Things You'll Need
Hot water expansion tanks are designed to protect the home's hot water boiler and plumbing system. When water is heated, or the hot water is shut off quickly, the tanks, filled with both air and water, will equalize the resulting water pressure. Unequal water-to-air ratios caused by a built-in barrier failure, pressure valve leakage or low air pressure in the expansion tank cause problems with the system's efficiency, so troubleshooting may be necessary.
Expansion Tank Troubleshooting
Tap the side of the expansion tank slightly above the halfway point, listening for a hollow sound, or check if the lower half of the tank feels warm and the upper half feels cool. Check the water pressure relief valve on the side of the tank for leaks.
Turn off power to the boiler if the tank sounds solid, the whole tank is warm, or the relief valve is leaking.
Close the water shutoff valve on the side of the tank and let the water cool.
Attach the garden hose to the drain valve on the side of the tank and drain up to three gallons of water into the bucket. If no valve is present, shut off the valve between the tank and the boiler. Drain the expansion tank.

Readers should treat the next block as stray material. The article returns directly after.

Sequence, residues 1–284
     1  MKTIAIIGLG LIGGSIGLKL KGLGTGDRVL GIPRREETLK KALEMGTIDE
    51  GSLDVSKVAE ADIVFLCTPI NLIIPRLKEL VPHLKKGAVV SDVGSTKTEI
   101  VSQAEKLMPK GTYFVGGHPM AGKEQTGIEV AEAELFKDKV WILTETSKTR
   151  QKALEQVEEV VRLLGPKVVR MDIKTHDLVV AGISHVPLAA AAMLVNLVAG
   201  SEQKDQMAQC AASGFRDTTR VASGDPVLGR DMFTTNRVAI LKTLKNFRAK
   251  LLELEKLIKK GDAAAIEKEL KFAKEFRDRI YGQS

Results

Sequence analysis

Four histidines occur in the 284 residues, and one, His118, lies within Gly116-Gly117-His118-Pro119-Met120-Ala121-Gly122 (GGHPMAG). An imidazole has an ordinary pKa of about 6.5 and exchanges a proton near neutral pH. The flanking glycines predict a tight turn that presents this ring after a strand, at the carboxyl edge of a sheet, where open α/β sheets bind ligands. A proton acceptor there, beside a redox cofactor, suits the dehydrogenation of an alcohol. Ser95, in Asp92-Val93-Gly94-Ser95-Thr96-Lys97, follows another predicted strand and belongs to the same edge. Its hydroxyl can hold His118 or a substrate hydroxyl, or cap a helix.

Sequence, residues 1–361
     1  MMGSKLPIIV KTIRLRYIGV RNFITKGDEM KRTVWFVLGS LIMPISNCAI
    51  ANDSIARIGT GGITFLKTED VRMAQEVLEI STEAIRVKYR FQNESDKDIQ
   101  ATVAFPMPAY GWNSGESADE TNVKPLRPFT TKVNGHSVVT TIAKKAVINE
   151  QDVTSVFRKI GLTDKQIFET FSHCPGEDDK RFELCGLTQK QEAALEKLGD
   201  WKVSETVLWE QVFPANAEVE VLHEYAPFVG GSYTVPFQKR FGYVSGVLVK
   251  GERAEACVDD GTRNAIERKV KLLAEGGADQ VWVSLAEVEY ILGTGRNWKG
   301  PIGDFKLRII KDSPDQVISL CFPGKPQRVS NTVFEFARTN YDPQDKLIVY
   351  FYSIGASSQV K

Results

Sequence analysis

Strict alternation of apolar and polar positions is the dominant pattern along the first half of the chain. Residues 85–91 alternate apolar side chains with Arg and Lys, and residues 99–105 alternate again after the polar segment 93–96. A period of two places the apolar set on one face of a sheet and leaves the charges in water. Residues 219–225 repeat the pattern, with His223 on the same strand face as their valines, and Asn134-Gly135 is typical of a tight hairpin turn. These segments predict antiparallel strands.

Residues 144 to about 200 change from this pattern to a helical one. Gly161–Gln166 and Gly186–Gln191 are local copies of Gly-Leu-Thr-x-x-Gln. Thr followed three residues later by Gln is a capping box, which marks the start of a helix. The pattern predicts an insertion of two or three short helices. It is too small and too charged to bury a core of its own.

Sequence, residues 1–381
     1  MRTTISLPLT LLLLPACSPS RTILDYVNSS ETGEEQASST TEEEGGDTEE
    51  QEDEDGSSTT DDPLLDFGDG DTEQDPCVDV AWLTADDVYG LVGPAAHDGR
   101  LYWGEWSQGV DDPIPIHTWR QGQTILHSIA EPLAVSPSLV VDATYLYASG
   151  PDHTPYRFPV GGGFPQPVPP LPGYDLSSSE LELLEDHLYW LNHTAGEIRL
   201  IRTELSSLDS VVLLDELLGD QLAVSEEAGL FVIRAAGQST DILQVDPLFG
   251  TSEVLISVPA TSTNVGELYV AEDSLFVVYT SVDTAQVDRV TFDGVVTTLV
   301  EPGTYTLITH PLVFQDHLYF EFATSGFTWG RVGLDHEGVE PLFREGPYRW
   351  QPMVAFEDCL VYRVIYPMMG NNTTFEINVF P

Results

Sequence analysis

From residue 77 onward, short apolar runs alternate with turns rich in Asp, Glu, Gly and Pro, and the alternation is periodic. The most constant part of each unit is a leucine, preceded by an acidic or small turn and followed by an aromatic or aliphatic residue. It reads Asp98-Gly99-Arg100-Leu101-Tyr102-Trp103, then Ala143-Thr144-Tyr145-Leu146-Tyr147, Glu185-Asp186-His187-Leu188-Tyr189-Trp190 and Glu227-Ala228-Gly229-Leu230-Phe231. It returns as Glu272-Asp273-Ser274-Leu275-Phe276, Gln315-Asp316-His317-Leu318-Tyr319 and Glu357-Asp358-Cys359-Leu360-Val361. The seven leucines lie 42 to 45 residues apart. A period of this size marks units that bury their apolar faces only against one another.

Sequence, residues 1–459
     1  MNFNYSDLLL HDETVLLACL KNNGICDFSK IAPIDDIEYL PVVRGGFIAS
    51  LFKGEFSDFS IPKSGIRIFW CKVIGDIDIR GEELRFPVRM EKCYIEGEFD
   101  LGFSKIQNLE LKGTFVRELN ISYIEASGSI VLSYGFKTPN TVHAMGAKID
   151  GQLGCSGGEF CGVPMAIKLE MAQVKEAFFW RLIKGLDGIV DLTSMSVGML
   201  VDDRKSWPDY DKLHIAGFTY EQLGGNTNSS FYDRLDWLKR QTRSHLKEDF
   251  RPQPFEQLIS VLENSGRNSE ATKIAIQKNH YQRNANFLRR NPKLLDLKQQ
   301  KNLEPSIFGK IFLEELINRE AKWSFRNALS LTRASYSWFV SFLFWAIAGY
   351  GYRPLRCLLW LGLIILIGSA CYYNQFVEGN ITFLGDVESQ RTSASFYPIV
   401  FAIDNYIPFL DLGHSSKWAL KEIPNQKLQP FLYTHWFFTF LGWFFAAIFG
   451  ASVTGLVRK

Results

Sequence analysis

Turn on the water supply. Turn on power to the boiler. The expansion tank will fill as part of the system's normal operation.
Check air pressure with the gauge. Pressure should measure 12 psi.
Attempt to raise pressure with the air pump if necessary and observe regularly to see if the tank holds the pressure.
Even if air pressure holds to 12 psi after pumping, check regularly, as pressure correction may be temporary.
If a flooded expansion tank is not drained, water pressure buildup may cause pressure valves to leak, which could lead to mineral deposits forming at the valve opening. This buildup can block the valve, which may cause an explosion. Excessive water pressure buildup can cause non-leaking valves to pop, leading to heavy water spillage.
When draining the tank, be aware that water temperatures may be above boiling.